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In the science article, I found this sentence.

In order to perform these distinct functions, proteins rely on the precise 3D arrangement of functional groups — referred to as the protein fold.

I think something should be after 'to' as an object. But why it is like that? and what does it mean?

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    It has the same meaning as "Which is referred to as the protein fold" where "refer to" is a phrasal verb, and "as" is a preposition. – Cardinal Sep 10 '16 at 12:59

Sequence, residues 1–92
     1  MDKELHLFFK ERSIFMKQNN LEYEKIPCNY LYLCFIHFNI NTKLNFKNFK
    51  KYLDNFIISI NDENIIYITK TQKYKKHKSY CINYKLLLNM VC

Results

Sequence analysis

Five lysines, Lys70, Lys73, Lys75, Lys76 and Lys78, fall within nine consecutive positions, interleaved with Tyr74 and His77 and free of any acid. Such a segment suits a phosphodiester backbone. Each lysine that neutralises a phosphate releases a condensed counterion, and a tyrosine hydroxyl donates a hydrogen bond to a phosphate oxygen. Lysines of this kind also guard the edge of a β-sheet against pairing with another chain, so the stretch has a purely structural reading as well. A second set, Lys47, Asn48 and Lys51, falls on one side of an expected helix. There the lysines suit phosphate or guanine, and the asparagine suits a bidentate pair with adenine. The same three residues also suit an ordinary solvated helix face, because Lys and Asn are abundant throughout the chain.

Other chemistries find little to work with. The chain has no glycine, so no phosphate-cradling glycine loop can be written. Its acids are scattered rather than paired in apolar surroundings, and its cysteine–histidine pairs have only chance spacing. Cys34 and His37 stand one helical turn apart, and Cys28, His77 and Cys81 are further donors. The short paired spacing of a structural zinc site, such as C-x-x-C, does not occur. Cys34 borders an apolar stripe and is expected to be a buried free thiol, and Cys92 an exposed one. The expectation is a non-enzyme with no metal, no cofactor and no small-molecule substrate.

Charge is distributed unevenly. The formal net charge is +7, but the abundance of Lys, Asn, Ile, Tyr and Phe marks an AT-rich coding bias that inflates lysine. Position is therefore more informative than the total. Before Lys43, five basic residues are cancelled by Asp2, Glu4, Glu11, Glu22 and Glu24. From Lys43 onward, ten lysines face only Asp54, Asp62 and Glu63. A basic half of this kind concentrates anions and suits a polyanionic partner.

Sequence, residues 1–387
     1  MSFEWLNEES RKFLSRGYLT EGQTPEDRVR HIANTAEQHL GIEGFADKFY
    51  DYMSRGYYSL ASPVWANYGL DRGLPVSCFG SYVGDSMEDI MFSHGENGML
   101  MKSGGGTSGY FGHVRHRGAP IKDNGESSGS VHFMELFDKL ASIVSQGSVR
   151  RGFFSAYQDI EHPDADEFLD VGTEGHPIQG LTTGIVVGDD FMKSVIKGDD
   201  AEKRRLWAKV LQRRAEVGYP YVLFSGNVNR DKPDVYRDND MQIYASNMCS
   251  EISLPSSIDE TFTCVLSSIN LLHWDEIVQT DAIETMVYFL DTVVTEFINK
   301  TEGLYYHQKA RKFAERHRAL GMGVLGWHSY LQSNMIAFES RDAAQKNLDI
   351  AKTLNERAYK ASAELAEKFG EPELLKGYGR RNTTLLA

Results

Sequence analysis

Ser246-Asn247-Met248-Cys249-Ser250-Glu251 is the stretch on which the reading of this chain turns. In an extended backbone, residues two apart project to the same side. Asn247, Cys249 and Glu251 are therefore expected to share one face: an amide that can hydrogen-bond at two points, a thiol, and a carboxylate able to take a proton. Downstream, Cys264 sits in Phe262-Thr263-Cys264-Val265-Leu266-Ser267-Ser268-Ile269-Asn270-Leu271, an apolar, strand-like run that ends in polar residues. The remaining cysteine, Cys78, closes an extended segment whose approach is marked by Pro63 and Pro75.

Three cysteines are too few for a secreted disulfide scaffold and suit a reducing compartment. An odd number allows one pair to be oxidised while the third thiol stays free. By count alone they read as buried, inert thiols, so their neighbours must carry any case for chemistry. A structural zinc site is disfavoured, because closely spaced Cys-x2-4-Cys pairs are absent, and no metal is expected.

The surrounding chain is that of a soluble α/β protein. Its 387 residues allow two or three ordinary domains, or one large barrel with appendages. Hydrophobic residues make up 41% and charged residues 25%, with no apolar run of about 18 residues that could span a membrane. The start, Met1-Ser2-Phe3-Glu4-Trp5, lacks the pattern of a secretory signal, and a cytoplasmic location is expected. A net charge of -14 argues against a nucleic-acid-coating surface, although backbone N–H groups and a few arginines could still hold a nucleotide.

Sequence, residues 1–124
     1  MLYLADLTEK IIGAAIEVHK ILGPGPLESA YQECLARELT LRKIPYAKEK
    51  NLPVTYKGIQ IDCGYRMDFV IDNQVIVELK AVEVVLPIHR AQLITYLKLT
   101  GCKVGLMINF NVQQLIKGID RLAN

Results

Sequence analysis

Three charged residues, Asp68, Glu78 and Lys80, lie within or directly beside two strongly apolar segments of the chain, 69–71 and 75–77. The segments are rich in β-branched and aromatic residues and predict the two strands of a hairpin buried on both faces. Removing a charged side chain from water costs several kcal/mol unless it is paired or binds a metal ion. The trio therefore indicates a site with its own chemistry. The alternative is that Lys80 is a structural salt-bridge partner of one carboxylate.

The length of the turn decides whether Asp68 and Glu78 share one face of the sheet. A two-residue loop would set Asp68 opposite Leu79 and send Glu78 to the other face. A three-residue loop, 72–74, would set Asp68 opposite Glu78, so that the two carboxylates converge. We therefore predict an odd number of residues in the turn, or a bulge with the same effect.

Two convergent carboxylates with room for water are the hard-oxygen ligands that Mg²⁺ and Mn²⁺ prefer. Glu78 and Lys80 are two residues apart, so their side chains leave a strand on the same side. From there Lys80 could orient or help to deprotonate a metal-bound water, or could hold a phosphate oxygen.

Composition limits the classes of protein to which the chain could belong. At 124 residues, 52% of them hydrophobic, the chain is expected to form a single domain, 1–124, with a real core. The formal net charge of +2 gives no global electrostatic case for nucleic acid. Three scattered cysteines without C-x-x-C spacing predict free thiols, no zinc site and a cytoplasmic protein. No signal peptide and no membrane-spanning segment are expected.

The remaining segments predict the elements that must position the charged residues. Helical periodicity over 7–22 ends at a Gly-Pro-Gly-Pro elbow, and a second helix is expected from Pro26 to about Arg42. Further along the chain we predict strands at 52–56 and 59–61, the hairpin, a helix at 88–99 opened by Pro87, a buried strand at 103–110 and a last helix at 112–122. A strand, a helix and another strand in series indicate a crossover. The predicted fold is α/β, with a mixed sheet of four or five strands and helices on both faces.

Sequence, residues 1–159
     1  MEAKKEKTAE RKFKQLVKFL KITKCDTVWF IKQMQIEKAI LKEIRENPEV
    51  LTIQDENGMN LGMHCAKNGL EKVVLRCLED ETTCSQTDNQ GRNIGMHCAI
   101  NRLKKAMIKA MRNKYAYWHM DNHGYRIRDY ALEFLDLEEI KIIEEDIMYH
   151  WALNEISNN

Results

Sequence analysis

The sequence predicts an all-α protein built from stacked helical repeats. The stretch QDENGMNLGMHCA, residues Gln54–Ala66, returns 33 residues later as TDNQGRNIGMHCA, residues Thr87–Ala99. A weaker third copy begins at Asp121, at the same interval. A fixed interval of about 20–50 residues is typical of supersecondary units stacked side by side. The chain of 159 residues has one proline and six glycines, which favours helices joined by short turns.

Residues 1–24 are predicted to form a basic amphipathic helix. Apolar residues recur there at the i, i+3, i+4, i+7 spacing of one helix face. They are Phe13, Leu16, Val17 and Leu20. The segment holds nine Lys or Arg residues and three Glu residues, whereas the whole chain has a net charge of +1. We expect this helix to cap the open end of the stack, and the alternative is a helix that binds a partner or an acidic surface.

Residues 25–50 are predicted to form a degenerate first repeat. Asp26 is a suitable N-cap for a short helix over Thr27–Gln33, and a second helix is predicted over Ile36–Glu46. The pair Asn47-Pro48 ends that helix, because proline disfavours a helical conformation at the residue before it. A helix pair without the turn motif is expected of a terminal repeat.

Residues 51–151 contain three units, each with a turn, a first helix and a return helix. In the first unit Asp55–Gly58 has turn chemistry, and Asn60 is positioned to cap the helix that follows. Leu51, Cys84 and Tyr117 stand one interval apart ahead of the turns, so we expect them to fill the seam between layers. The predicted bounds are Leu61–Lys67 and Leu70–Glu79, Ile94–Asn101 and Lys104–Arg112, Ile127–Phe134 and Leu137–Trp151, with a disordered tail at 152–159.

• @Cardinal Then does the clause almost means like "which is reffered to something like the protein fold"? – JBL Sep 10 '16 at 13:05
  • I'm not sure about your meaning, but it means something like: "which is called 'the protein fold' " IMHO. – Cardinal Sep 10 '16 at 13:09
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This is just a passive construction.

You can refer to 'the precise 3D arrangement of functional groups' as 'the protein fold' —which is using an active construction for refer to

or

You can say that 'the precise 3D arrangement of functional groups' (are) referred to as 'the protein fold'.

In the article, the linking verb to be is replaced by the hyphen (—)

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    ah now I understand what grammar is in, I always get confused when prasal verbs get into passive form. – JBL Sep 10 '16 at 13:38

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